New study indicates that pollution may be the world’s biggest killer

Most of the United Nations Millennium Development Goals, eight goals for international development, come to an end in 2015 and most of the Goals remain at least partially unmet. At Rio+20, in 2012, nations agreed to finish the MDG job by adopting a new set of Sustainable Development Goals for international development. A UN Working group is currently working on a draft of those goals which is expected to be presented to the UN Secretariat later this year.

A multilateral ngo, the Global Alliance on Health and Pollution, has released a new analysis of data that points to pollution as the largest factor in disease and death in the developing world, killing more than 8.4 million people each year. According to GAHP, the World Health Organization and others have determined that 7.4 million deaths are due to pollution from air, water, sanitation and hygiene.  WHO figures released in May 2014 count deaths from outdoor and indoor air pollution at 6.58 million; water contamination, lack of sanitation and hygiene at 842,000. To these figure GAHP attributes an additional 1 million deaths to toxic chemical and industrial wastes from large and small producers in formal and informal sectors of economies in poor countries.

GAHP claims that pollution causes almost three times more deaths each year than malaria, HIV/AIDS and tuberculosis combined (1.5 million deaths from HIV; 600,000 from malaria; and 900,000 from tuberculosis). It is urging the UN to ensure that reduction of pollution is included in the new Sustainable Development Goals with a target to reduce by two-thirds, by 2030 from the baseline of 2012, the number of deaths and disability adjusted life years from pollution of air (indoor and outdoor), soil, water, food and household products.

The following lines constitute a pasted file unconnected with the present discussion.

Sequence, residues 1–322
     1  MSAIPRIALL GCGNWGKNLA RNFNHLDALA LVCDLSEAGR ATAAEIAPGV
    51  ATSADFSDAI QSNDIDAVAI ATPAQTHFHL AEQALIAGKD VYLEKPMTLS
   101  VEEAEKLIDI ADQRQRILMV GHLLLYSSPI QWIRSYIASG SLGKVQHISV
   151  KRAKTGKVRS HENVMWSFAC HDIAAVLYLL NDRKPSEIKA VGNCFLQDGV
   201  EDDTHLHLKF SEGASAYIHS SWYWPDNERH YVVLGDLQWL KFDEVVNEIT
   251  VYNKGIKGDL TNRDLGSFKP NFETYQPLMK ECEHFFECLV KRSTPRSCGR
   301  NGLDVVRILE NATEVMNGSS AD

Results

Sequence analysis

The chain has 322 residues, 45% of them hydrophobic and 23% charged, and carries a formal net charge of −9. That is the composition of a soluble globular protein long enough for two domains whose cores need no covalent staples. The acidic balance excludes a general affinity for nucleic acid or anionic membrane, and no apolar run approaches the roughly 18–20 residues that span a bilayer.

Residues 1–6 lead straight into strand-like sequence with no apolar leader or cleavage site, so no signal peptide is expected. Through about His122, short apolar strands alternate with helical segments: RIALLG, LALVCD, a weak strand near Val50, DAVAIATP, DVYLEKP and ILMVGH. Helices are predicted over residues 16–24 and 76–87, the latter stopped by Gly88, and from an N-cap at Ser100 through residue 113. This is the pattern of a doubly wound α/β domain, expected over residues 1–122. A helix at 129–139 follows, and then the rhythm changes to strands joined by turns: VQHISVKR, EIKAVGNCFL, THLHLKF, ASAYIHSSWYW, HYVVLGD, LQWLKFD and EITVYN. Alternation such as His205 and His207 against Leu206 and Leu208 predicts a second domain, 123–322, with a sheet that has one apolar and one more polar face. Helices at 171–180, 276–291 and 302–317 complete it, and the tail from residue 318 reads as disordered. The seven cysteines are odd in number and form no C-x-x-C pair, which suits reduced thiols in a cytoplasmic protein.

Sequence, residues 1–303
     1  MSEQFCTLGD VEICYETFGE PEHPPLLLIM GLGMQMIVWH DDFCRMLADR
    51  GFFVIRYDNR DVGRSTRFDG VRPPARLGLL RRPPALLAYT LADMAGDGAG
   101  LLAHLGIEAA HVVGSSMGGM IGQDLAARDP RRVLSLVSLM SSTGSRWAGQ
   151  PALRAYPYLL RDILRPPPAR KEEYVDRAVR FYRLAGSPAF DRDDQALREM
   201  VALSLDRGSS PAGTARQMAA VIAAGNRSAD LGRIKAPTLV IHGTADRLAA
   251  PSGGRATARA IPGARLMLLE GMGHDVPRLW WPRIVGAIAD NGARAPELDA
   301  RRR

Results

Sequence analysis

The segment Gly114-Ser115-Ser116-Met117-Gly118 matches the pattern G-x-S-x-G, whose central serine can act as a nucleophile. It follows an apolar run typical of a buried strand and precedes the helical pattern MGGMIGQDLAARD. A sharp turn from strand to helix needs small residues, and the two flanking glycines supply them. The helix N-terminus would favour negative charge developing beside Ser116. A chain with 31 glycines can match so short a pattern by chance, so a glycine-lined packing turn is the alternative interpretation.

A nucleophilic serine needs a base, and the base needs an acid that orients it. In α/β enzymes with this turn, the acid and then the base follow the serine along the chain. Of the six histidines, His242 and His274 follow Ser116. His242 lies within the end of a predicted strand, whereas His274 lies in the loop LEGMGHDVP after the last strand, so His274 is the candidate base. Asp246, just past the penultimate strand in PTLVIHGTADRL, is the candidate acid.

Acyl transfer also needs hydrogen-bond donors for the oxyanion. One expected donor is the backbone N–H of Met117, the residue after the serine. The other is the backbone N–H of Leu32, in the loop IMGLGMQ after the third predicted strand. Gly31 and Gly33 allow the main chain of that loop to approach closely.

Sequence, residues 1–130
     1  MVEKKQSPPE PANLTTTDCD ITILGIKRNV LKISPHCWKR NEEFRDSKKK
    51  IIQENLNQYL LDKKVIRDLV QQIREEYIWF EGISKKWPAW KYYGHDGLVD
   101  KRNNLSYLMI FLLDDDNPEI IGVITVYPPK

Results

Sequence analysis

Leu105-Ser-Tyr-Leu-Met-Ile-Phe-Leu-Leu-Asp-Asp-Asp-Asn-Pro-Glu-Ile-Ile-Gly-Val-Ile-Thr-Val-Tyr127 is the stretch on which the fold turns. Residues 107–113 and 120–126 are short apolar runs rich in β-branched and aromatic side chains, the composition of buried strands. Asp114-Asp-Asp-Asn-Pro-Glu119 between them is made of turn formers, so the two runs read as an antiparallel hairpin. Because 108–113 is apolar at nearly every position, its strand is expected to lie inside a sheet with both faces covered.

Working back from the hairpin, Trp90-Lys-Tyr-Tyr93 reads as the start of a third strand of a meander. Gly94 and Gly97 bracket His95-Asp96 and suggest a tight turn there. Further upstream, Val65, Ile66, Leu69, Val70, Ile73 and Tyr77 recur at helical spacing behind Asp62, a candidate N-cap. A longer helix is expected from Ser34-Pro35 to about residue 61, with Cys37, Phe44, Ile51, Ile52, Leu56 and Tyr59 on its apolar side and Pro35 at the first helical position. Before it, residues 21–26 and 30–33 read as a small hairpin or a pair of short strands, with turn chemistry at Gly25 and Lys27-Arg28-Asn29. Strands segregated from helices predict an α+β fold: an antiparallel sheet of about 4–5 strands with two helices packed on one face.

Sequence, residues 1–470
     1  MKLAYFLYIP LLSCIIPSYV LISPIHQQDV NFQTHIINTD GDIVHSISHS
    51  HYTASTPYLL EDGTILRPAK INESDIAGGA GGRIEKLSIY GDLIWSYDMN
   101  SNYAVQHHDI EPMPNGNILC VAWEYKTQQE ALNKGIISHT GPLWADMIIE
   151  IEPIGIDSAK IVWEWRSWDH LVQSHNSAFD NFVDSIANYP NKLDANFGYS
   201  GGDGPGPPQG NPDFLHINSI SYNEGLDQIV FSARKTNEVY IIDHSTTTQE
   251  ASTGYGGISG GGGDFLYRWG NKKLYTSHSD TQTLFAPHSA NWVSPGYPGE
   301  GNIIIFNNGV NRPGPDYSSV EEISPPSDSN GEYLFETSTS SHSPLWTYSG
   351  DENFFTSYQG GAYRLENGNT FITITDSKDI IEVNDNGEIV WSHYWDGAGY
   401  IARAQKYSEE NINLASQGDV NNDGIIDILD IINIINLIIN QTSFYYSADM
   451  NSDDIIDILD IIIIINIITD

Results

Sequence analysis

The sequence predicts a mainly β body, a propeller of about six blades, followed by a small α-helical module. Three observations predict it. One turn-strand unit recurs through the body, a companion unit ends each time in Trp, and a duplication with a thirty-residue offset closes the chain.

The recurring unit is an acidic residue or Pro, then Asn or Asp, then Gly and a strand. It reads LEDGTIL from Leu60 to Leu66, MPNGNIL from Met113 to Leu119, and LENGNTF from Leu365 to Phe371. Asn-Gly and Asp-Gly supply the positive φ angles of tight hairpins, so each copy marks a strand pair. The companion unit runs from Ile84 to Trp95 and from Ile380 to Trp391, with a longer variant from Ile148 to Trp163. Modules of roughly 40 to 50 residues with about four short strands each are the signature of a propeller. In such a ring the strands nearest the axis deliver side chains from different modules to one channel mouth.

GAHP is an international collaborative body including members such as the Asian Development Bank, European Commission, Inter American Development Bank (BID), United Nations Development Programme (UNDP), United Nations Environment Program (UNEP), United Nations Industrial Development Organization (UNIDO), and the World Bank. It is therefore a body with some significant clout with the UN SDG Working Group. Inclusion of pollution reduction in the SDGs is likely to focus a significantly higher level of international attention on the sources of pollution in low and middle income countries. A presentation at, especially pages 14 through 19, and a GAHP report The Poisoned Poor: Toxic Chemicals Exposures in Low- and Middle-Income Countries, to be found at, provide much more information on the sources of pollution that threaten human health in developing countries.

Details of the GAHP SDG initiative can be found at

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